Its most common misuse in at grocery store check out stands:  10 items or less.

Actually, it should be fewer.  You can count the items.

Less is for things that are not counted like less food, less laughter, less danger.

One can have fewer dollars, therefore less money; fewer hours, so less time;  fewer french fries, and less fat.  It's not all that confusing once you know the difference.

Thursday, February 7, 2008

Words we've changed

I was thinking about some of the words that we've changed in recent years.  We verb nouns often--yes, even in that sentence.  We Google things.  We text each other.  We fax, and we e-mail.

Sportscasters (again) seem to have a particular ability to change the way we use language. Basketball players don't jump, they sky, or elevate.

Even reality television has adjusted our speaking.  Makeovers have a big reveal.  In that case they turned a verb into a noun.

I know language is fluid, just listen to some teenagers for a while, but I believe we should be cautious about too much too fast.  We do want to make sure we understand each other... don't we?

Tuesday, February 5, 2008

Utah schools need more help from Legislature.

Utah teachers are some of the most poorly paid in the U.S.  Their class sizes are the largest in the nation.  In the years I taught 6th grade, I never had fewer than 26 students (usually 28-30) even though 'official' class sizes were 22.3 or so.  One awful year I had 37 students.  That year I only really got to know the main trouble-makers, and one or two excellent students.  There was no time for individual help, no time for in-depth instruction.  It was classroom management and crowd control.

Our exceptionally conservative Legislature has underfunded schools for years.  Many of them seem to have no respect for teachers.  It is almost like they think we are expendable--what we do could be done by anyone.  Utah has lots of kids and there are fewer and fewer people who are willing and/or able to help them learn.  

The problems won't be solved by one-time bonuses or grants to extend the year for a few teachers.  We need a serious, long-term commitment, and it's not a likely outcome this year.

Monday, February 4, 2008

Sportscasters and their made-up expressions

As promised, my #1 son had a few choice additions.  These were things he has actually heard.
Blowbyability (noun) The ability of a basketball player to 'blow by' his defender while dribbling the ball.
Beasting it (verb) The overall attitude and desire of a basketball play who plays hard all the time.  
Athletifreak (noun) A term to describe an athlete with exceptional (freakish) ability at  jumping or quickness.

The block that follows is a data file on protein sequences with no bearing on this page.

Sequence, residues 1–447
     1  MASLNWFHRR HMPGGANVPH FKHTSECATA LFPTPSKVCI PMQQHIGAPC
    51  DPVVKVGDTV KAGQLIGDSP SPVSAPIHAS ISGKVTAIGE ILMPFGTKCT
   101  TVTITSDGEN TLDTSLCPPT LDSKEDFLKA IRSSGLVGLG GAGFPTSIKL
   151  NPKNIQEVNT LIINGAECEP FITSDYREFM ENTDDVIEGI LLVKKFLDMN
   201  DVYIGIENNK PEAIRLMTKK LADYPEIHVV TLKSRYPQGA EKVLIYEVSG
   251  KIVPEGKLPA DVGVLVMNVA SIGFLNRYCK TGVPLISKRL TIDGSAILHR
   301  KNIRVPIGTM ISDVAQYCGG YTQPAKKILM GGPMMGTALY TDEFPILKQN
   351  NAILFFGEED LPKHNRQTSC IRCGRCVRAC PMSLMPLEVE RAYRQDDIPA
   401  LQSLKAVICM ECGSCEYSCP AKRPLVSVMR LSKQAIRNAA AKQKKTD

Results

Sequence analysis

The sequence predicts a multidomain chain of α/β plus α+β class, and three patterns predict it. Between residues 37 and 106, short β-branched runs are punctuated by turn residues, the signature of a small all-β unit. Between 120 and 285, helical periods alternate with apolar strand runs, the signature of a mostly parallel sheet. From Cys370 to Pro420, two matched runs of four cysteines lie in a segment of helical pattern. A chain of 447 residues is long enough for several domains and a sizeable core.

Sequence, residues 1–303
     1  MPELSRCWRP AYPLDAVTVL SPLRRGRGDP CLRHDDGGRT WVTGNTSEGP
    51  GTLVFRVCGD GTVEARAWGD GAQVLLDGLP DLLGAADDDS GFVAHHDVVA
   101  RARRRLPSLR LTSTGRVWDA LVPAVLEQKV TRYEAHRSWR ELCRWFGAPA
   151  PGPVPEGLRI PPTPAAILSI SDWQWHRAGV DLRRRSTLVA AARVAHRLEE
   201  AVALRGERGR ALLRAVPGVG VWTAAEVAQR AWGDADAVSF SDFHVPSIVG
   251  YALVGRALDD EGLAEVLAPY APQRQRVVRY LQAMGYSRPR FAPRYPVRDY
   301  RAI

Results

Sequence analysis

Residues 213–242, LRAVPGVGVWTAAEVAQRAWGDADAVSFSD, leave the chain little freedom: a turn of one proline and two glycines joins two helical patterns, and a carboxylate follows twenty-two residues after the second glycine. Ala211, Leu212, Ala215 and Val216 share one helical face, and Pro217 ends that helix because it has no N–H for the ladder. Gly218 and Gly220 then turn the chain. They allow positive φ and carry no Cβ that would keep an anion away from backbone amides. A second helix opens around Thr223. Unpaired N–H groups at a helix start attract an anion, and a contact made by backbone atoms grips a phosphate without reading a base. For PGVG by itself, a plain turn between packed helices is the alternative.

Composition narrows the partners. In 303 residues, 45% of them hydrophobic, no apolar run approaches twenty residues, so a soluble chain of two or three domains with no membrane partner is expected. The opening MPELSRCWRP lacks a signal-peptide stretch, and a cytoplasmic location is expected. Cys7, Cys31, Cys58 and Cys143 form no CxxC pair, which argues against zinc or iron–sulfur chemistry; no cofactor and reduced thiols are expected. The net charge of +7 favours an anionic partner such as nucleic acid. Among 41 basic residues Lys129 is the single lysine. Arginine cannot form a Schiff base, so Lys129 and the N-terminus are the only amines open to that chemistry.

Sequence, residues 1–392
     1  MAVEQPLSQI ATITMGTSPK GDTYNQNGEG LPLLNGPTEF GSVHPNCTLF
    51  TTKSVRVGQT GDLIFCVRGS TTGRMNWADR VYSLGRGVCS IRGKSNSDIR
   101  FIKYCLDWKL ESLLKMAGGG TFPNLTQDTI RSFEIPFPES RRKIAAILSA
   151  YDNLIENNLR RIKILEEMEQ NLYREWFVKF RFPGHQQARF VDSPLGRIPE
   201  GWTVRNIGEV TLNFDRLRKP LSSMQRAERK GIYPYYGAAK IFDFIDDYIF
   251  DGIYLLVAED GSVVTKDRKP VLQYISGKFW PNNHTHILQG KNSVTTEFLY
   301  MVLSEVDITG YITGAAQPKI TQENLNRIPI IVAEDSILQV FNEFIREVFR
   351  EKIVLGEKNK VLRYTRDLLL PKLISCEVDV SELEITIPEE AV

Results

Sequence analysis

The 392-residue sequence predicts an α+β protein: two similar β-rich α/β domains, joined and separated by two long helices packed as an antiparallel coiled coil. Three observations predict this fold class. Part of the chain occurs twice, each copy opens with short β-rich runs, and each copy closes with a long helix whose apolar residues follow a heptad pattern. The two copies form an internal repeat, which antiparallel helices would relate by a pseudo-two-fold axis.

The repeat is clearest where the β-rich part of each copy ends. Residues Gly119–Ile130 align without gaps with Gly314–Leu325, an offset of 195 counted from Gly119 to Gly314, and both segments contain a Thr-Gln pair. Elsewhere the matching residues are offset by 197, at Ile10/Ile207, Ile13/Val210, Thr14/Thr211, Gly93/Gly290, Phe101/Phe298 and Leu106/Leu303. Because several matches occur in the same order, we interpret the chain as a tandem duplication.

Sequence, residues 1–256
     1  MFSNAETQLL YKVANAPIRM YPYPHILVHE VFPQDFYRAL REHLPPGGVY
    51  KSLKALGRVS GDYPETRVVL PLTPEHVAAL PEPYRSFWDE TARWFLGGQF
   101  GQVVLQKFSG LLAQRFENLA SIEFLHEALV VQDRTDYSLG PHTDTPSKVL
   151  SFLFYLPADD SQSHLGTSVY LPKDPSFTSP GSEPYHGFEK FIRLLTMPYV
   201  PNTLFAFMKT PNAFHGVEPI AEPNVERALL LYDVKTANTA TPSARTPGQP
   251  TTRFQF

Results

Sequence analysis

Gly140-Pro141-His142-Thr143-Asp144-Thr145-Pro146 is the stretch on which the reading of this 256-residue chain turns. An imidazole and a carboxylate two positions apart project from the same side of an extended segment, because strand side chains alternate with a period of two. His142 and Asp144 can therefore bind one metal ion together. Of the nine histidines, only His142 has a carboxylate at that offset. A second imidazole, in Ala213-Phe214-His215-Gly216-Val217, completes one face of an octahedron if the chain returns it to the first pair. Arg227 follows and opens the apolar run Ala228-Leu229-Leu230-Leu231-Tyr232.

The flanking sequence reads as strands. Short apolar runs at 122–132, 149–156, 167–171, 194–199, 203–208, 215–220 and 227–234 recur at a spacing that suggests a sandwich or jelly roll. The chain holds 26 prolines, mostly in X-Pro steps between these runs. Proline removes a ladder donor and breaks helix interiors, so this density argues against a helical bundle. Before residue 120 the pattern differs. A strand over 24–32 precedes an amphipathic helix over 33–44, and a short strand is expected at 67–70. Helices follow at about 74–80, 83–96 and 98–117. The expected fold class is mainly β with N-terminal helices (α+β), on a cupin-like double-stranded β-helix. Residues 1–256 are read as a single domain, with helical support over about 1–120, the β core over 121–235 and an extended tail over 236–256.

Handle (noun) Now used as a noun to describe a player's ability to handle the ball. (He has an incredible handle when running the fast break.)
Bigs and Smalls (noun) Used as shortened expression to illustrate the different sizes of ball players. (They have a great combination of bigs and smalls.)

Thanks kiddo.  These were primarily basketball today.  Maybe more to com

Merit pay for teachers

I just read the postings following a editorial piece about teacher pay.  Here in Utah, teaching is seen as a calling--particularly for those who can't make it in the business world, or those who are lazy and don't want a real full-time job.  Both notions are laughable.

Teaching is an amazingly difficult profession, full of frustration and annoyance, powerlessness and masochism.  Yet it can be immensely rewarding.  What other profession would have some young adult calling your name in a mall, or coming up to visit in a department store?  An appreciative hug from a 21-year-old that was in your class when he was 12 is a powerful reward.

Merit pay is such a slippery slope.  It pits teachers against each other rather than encouraging cooperation and support, and support is absolutely necessary for new teachers.  Merit is also difficult to measure.  Do principals make those decisions?  Parents? Students? Other teachers? Whose opinions are most valued?  Why?  It's way too sticky for quick decisions. 

Sunday, February 3, 2008


Why is it that sportscasters feel it necessary to make up so many strange words?  Is it because they want to find a different way to say the same things over and over?  When did 'physicality" become a word?  A golf announcer once talked about a player's 'impactfulness.'  Huh?  

I need to check in with my oldest son.  He listens to a lot of sports and he will know of some other made-up words.  To be continued...

Friday, February 1, 2008

New shoes

Watching Rachael Ray one day, I saw a nifty kind of shoes.  They were called Masai Barefoot Technology.  The episode had viewers trying products and the person who tested these shoes loved them.  She said she lost weight (partly from enjoying walking), but she also tightened and worked muscles in her legs and behind.  Sounded good to me, especially since I like to walk but after a couple of miles my feet hurt.  And, of course, a little toning is never bad.

I've certainly never spent this much on shoes, nor has any salesman ever taken as much time and care with my feet.  They are strange to walk in--unlike any shoe I've worn before.   I hope they are good to me; if feet hurt everything is miserable.  And I do not plan to be miserable in Italy in May.

I'll let you know.